Who is losing money on GameStop on the stock market?
When Reddit trolls used GameStop as a pawn in teaching the Wall Street establishment a lesson, someone had to lose. Who are the investors losing millions?
It's the now famous tale of a band of keyboard warriors who decided to bet big against gigantic financial institutions by changing the fortune of a video game retailer on the downturn called GameStop. It all started with a subreddit called WallStreetBets on the chat site Reddit. Quite literally against all odds - in what has now become a class war - some investors on Wall Street have now lost millions of dollars.
The amateur traders, whose subreddit bio is “Like 4chan found a Bloomberg Terminal” and led by user “DeepFuckingValue” organised themselves to gradually buy up shares in the retailer, forcing the price of GameStop’s stock into the heavens, simultaneously making a lot of money for themselves and crushing the strategy of the colossal hedge funds who’d bet against it. And surprisingly, it worked.
GameStop’s stock price jumped from $4 last summer to $20 at the end of 2020, to $40 two weeks ago. It was worth $100-ish at times on Monday and Tuesday and at its peak on Wednesday reached over $450.
Who has lost money on GameStop?
The Wall Street investors who had "shorted" stocks of GameStop were relying on the price falling so they could get their money out but a huge surge in investment has seen the price skyrocket and left them unable to close their positions.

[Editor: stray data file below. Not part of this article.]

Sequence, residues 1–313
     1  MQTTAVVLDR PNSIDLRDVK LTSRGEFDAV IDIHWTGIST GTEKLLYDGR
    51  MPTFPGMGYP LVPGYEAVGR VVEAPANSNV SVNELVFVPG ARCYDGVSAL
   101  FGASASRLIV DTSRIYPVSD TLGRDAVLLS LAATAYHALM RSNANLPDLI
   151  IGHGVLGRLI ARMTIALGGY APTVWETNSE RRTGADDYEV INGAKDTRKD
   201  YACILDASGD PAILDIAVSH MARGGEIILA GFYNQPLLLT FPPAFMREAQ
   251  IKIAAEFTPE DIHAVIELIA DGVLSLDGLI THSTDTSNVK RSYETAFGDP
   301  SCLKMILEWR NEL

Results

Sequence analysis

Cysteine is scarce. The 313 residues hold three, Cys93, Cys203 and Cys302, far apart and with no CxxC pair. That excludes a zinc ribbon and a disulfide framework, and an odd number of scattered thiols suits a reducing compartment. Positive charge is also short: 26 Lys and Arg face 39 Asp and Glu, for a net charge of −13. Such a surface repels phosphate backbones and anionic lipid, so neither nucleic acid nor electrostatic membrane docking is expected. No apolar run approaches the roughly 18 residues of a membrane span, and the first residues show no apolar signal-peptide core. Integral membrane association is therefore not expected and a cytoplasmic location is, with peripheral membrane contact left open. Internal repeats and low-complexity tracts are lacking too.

Two big hedge funds, Melvin Capital and Citron Research, are thought to have been the most exposed. The former is believed to have lost around 30% of its $12.5 billion under management already this year on a series of shorts, which includes GameStop.
Business Insider predicts that combined, short sellers have lost over $5 billion in betting against GameStop so far and has compiled a list of funds that have now lost out to the "Reddit army"; Point72 Asset Management, D1 Capital Partners, Maplelane Capital, Candlestick Capital Management and of course, Melvin and Citron mentioned above.
According to Reuters, global equity markets have also suffered as some funds were forced to sell some of their best-performing stocks, including Apple, to cover billions of dollars of losses.
Reddit traders who were smart enough to get out while the going was good – at the peak a share in GameStock was over 100 times August’s value – will have made a life-changing amount of money.
Others won't be so lucky. Now that the play is truly out in the open, the fact remains that GameStop's shares are unlikely to remain high for very long and so anyone who is still buying stocks with the retailer at the inflated prices stand to lose out.
With regards to damage control, J.P. Morgan has now listed 45 stocks that may be vulnerable to future “fragility events” like this in days to come, including real estate company Macerich Co, restaurant chain Cheesecake Factory Inc and clothing subscription service Stitch Fix Inc.